Safety and OSHA News

Zoo fined: Elephant killed trainer

Earlier this year, an elephant killed an animal trainer at the Knoxville Zoo in Tennessee. Now the zoo faces fines from that state’s safety agency (TOSHA).

This case also provides another example of how federal and state OSHAs can use the General Duty Clause when no specific workplace regulation applies to a situation.

In January, Edie, an 8,500 pound African elephant, pushed trainer Stephanie James into the steel beams of a stall and then to the ground. James was rushed to a local hospital where she died a few hours later.

James had called the elephant into the stall to give her a treat box. Another trainer in the elephant barn said Edie’s eyes widened when she entered the stall as if she had been spooked.

TOSHA’s investigation uncovered that there had been previous incidents involving Edie with both trainers and visitors. Another employee said he was working with the elephant in December 2007 when she hit him with her trunk and knocked him down, twice. Edie then held the trainer down with her tusk and started pushing him into the steel bars of the stall. The elephant stopped that attack on its own, and the worker was treated for injuries at a hospital.

A TOSHA investigator concluded that because of Edie’s previous aggressive behavior, the zoo should have placed her in “protected contact,” meaning the trainers are never inside a stall with an elephant.

TOSHA issued a serious General Duty Citation for $5,000 to the zoo for not placing animals such as Edie in protected contact to prevent employees from being injured. The General Duty Clause says an employer must provide an environment free of recognized hazards that were likely to cause death or serious injury.

The zoo was also cited for not reporting James’ death to TOSHA in a timely manner and for violations not related to the fatality. The fines total $12,600. The zoo says it has formally contested all of the citations and penalties.

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Comments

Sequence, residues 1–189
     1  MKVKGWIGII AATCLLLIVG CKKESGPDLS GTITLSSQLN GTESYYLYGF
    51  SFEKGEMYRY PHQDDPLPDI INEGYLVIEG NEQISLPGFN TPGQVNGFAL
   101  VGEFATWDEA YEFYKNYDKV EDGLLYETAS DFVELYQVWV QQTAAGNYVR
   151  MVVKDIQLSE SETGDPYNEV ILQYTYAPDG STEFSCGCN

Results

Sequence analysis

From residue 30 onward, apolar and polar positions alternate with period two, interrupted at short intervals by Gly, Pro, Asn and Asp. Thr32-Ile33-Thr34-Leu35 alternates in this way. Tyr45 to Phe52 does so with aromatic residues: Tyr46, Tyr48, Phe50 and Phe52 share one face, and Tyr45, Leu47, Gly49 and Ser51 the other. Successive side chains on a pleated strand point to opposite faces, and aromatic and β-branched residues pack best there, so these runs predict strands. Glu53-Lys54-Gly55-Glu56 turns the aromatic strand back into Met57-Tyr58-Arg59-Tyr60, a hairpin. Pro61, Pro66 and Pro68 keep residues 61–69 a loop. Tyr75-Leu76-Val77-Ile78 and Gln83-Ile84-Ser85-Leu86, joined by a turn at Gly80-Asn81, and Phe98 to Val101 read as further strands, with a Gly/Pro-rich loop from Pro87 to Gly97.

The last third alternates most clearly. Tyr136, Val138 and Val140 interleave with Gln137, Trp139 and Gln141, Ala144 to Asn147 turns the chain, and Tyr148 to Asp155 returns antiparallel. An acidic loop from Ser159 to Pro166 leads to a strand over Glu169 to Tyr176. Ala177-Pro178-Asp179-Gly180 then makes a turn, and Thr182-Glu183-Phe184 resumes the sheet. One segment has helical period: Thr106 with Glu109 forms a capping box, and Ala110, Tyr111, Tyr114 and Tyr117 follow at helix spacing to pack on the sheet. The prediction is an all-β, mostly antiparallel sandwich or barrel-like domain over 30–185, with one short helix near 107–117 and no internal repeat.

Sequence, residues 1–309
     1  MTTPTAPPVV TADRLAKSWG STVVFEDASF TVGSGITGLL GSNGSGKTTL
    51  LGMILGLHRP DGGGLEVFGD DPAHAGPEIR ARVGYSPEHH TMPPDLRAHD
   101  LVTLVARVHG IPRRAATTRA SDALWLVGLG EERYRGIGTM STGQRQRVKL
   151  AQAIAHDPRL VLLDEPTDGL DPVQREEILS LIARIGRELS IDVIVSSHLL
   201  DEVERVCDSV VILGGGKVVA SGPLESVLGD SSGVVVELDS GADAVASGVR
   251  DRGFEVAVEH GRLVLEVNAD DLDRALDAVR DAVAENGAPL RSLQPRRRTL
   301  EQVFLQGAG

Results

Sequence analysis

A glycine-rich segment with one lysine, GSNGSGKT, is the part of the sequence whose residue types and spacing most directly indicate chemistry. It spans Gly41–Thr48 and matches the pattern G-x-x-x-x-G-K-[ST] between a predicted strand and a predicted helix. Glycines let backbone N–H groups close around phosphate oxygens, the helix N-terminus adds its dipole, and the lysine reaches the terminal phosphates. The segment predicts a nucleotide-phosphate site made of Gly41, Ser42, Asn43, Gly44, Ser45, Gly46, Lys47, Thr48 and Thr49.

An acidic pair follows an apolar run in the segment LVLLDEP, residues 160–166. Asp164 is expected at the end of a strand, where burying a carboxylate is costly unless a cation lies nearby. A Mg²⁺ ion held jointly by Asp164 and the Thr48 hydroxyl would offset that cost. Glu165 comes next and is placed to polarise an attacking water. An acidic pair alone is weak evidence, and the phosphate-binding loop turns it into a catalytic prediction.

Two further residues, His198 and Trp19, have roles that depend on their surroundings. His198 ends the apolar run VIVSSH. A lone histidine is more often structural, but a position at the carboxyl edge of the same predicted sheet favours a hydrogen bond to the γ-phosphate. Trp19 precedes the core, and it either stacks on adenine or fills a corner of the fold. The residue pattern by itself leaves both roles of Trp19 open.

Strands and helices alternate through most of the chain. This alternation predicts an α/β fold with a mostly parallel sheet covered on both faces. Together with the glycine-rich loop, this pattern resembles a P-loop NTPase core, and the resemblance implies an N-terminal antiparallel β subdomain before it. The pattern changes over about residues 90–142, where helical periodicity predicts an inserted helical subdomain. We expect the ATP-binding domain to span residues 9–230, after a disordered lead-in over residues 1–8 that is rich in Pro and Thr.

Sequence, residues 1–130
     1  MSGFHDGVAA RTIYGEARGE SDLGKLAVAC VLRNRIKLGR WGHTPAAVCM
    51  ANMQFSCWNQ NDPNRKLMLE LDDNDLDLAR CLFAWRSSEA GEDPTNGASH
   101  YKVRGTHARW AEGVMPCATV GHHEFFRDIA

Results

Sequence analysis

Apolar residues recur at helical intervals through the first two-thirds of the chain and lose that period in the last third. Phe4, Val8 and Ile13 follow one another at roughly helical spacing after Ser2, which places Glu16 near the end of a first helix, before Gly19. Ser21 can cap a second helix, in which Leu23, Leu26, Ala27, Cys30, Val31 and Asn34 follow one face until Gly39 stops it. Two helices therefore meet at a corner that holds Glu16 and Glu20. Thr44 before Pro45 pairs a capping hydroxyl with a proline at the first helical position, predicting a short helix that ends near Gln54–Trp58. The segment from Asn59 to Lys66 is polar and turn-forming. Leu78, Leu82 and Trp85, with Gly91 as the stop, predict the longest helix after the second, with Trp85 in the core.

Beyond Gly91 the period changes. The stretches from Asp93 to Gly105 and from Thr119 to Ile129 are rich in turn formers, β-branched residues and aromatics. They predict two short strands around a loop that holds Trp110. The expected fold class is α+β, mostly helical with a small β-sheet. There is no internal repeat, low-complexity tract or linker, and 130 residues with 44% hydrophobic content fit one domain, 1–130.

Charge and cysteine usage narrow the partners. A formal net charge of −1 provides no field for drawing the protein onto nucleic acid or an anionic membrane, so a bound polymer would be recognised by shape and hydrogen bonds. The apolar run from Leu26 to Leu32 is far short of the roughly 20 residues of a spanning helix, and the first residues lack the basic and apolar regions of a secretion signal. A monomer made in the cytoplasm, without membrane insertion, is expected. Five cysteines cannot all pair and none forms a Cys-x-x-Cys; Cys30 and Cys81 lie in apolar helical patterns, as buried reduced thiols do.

1. NancyNew says:

    SOmething that really, really bugs me is disparity: How much can–and does–the FCC fine broadcasters who use inappropriate language on the air? And how much can OSHA fine a company for unsafe practices that actually kill someone?

  2. NancyNew – FCC fine for swearing over the radio (at certain times) is around $7,000.
    TOSHA fine for somebody dying on the job because an unsafe environment $5,000.

    Obviously someones life is less important than one single swear word spoken over a radio. I wonder what explanation OSHA, or other government agency would give to the family of the deceased.

    “SOmething that really, really bugs me is disparity: How much can–and does–the FCC fine broadcasters who use inappropriate language on the air? And how much can OSHA fine a company for unsafe practices that actually kill someone?”

  3. SafetyGoon says:

    OSHA overuses the General Duty Clause. If they’re concerned about the safety of animal trainers, write some rulemaking proposals for their protection and stop using the general duty clause to fine whatever OSHA feels like without offering any actual guidance for “compliance.” Isn’t that the point of OSHA? Offering guidance for workplace safety and THEN fining for non-compliance? Does the general duty clause keep people safe? No, specific regulation and industry best practices help keep people safe. The General Duty Clause just provides income to a government slush fund.

  4. alecfinn says:

    SafetyGoon

    So many folk are complaining about regulations and big Government……..I think life should be protected. I see nothing wrong with the “General Duty Clause”

    Your comment on guidance is really good and if there is a citation the inspectors should be required to assist in helping organizations be and operate in a safe manner.

  5. A friend of mine was a zoologist at Audubon Zoo, and watched one of the elephants kill one of his colleagues. Elephants are amazing creatures, but zoologists and animal trainers need to always be mindful of their own safety around them.

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